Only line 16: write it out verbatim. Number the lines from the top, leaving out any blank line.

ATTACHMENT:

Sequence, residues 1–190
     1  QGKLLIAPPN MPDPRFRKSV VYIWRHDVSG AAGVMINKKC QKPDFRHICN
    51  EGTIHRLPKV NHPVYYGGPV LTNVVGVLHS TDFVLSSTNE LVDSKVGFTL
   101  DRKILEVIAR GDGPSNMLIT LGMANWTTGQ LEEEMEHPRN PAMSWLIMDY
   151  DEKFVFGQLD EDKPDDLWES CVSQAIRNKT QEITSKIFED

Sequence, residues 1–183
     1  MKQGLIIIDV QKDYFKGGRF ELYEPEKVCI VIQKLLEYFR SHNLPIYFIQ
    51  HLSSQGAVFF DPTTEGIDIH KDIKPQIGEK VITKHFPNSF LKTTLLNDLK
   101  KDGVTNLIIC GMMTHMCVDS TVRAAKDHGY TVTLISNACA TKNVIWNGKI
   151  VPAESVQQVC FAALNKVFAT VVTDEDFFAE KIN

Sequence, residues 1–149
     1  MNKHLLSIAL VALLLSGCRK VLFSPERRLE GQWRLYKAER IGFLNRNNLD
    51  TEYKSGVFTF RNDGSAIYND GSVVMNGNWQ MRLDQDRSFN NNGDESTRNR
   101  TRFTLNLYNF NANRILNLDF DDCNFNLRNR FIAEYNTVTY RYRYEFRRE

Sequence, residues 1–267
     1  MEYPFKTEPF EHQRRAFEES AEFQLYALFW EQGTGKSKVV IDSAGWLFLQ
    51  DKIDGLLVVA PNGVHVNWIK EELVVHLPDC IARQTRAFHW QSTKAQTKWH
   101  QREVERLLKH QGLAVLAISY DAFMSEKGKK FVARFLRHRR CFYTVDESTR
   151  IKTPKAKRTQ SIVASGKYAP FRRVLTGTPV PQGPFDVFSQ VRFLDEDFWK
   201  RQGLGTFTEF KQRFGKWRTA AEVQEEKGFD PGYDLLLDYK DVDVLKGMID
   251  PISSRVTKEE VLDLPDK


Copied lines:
     1  MEYPFKTEPF EHQRRAFEES AEFQLYALFW EQGTGKSKVV IDSAGWLFLQ